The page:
Use of failure modes, effects, and criticality analysis to compare the vulnerabilities of laparoscopic versus open appendectomy

Edoardo Guida, Ubaldo Rosati, Alessio Pini Prato, Stefano Avanzini, Luca Pio, Michele Ghezzi, Vincenzo Jasonni, Girolamo Mattioli

Research output: Contribution to journalArticlepeer-review

Abstract

Purpose: To measure the feasibility of using FMECA applied to the surgery and then compare the vulnerabilities of laparoscopic versus open appendectomy by using FMECA. Methods: The FMECA study was performed on each single selected phase of appendectomy and on complication-related data during the period January 1, 2009, to December 31, 2010. The risk analysis phase was completed by evaluation of the criticality index (CI) of each appendectomy-related failure mode (FM). The CI is calculated by multiplying the estimated frequency of occurrence (O) of the FM, by the expected severity of the injury to the patient (S), and the detectability (D) of the FM. Results: In the first year of analysis (2009), 177 appendectomies were performed, 110 open and 67 laparoscopic. Eleven adverse events were related to the open appendectomy: 1 bleeding (CI: 8) and 10 postoperative infections (CI: 32). Three adverse events related to the laparoscopic approach were recorded: 1 postoperative infection (CI: 8) and 2 incorrect extractions of the appendix through the umbilical port (CI: 6). In the second year of analysis (2010), 158 appendectomies were performed, 69 open and 89 laparoscopic. Four adverse events were related to the open appendectomy: 1 incorrect management of the histological specimen (CI: 2), 1 dehiscence of the surgical wound (CI: 6), and 2 infections (CI: 6). No adverse events were recorded in laparoscopic approach. Conclusion: FMECA helped the staff compare the 2 approaches through an accurate step-by-step analysis, highlighting that laparoscopic appendectomy is feasible and safe, associated with a lower incidence of infection and other complications, reduced length of hospital stay, and an apparent lower procedure-related risk.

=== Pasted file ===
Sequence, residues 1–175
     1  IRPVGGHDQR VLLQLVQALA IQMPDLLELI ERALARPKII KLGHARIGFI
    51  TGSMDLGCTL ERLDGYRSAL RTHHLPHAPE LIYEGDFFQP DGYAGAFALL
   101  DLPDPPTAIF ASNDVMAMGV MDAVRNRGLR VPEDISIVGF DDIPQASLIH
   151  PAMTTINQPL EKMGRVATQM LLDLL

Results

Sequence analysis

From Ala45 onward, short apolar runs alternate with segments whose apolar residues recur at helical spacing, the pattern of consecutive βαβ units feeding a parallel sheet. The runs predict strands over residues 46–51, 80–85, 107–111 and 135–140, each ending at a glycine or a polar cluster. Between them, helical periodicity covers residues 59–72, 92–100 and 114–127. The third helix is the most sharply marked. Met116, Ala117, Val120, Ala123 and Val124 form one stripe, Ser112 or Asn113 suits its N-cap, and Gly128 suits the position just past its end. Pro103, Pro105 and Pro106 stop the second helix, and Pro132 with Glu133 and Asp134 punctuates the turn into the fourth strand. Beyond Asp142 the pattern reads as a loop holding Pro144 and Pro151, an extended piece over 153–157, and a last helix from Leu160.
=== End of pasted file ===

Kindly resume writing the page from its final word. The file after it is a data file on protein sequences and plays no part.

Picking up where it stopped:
Original languageEnglish
Pages (from-to)105-109
Number of pages5
JournalJournal of Patient Safety
Volume11
Issue number2
DOIs
Publication statusPublished - Jun 5 2015

Keywords

  • appendectomy
  • error prevention
  • FMECA
  • laparoscopy
  • paediatric surgery
  • risk management

ASJC Scopus subject areas

  • Leadership and Management
  • Public Health, Environmental and Occupational Health
  • Medicine(all)

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